Make to Learn: 3D Fabrication Tool Teaches STEM Skills
One of the highlights of my week at the ISTE 2011 conference was learning about Fab@School Designer, a software that helps teachers and students create 2D designs, pop-ups, 3D projects and even simple machines. Designs can be fabricated by hand or with a 2D or 3D fabricator. (At the show, booth representatives fabricated a variety of gears and other 3D objects.)
The goal is for students to develop important STEM (science, technology, engineering and mathematics) skills and have fun as they transform their ideas from mind's eye into physical form.
During the conference, I met with author, illustrator and FableVision founder Peter H. Reynolds to discuss STEM-based education and the "Make to Learn" philosophy that drives Fab@School Designer. Reynolds would like to see STEM turn into "STEAM," to account for arts programming, and says that the culmination of learning is students showing what they know in creative ways.
"We can study science and use technology, become engineers, understand what math is and help problem solve," he told me. "But sharing that – through theater or an animated film or a book or a story – is such a cool way to show what we know."
The Next Big Thing
Reynolds believes that every school and home will one day have its own 3D fabricator. "You'll be able to make your own cutlery and chess sets, and it'll be totally cool," he said.
For now, with Fab@School Designer, teachers and students can fabricate using ready-made designs, modify existing designs or create designs from scratch. The software's low-tech/high-tech approach allows users to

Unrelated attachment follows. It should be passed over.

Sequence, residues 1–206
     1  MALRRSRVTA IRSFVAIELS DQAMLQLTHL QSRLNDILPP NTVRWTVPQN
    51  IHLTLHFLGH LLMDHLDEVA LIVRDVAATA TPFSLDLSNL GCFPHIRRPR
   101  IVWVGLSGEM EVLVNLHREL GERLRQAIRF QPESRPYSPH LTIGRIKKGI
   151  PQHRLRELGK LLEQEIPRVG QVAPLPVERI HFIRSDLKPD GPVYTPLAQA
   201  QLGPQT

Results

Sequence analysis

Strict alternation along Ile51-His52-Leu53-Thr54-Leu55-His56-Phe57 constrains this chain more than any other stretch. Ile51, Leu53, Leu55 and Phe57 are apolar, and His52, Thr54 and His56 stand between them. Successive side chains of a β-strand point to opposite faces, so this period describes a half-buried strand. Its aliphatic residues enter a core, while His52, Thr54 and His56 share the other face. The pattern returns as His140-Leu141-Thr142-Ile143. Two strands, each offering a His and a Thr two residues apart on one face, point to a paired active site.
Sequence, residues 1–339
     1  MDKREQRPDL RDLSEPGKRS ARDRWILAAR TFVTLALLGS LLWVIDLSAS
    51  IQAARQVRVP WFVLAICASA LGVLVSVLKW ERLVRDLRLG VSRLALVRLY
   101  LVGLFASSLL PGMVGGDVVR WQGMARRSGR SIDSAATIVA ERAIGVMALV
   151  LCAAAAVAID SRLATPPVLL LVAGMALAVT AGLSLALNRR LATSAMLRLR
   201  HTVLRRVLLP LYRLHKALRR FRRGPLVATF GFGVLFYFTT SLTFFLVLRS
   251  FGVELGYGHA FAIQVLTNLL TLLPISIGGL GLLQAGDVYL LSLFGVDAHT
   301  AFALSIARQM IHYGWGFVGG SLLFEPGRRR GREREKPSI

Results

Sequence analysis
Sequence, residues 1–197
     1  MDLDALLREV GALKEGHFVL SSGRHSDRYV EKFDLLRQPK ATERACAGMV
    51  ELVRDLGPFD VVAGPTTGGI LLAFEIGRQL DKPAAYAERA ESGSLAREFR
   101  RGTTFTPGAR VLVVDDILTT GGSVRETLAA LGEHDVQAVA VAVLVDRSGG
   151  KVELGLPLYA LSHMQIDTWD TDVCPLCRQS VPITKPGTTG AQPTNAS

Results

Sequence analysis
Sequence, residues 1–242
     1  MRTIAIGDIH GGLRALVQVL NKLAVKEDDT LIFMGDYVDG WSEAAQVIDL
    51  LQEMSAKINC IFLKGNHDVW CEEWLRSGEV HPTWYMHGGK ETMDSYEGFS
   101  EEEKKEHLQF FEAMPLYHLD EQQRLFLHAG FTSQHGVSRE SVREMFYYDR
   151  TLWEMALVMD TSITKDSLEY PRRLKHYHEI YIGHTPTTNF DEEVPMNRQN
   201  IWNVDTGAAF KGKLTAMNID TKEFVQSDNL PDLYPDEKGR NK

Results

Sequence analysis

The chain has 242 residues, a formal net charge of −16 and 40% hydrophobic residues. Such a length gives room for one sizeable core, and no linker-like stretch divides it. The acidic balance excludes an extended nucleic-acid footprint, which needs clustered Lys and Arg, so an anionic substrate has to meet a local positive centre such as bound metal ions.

- cut and fold designs by hand;
- send designs to the Silhouette, a machine about the size of a typical desktop printer, to cut, score and perforate fold-lines on paper, cardstock, vinyl and other materials; or
- fabricate solid 3D objects using the Curry/Cornell Fab@School 3D fabricator, a variation of Cornell University's award-winning 3D fabricator, Fab@Home, that's suitable for schools.
Peter H. Reynolds also spoke with EdTech at the ISTE 2010 conference. To hear his tale of how one teacher's encouragement early in life sparked his creativity and career aspirations, check out our video on "The Power of Innovative Teaching and Learning."
FableVision has been working with Cornell's College of Engineering to develop Fab@School. The Curry/Cornell Fab@School 3D fabricator will be released as an open-source kit. "The big resin printers are expensive," Reynolds said. "Our goal is to get them down to around $400, but [we're] not there yet."
According to Reynolds, FableVision has "always been about story - about kids making things." That goal will continue to propel the company forward as more schools embrace innovative STEM tools and programs.
"I'm a visual thinker," Reynolds added, "and I think a lot of kids out there are too. They're creative – they want to express what they know in color, with sound, with drama and with story."
For more ISTE coverage, get the full picture in the ISTE 2011 Wrap-up.
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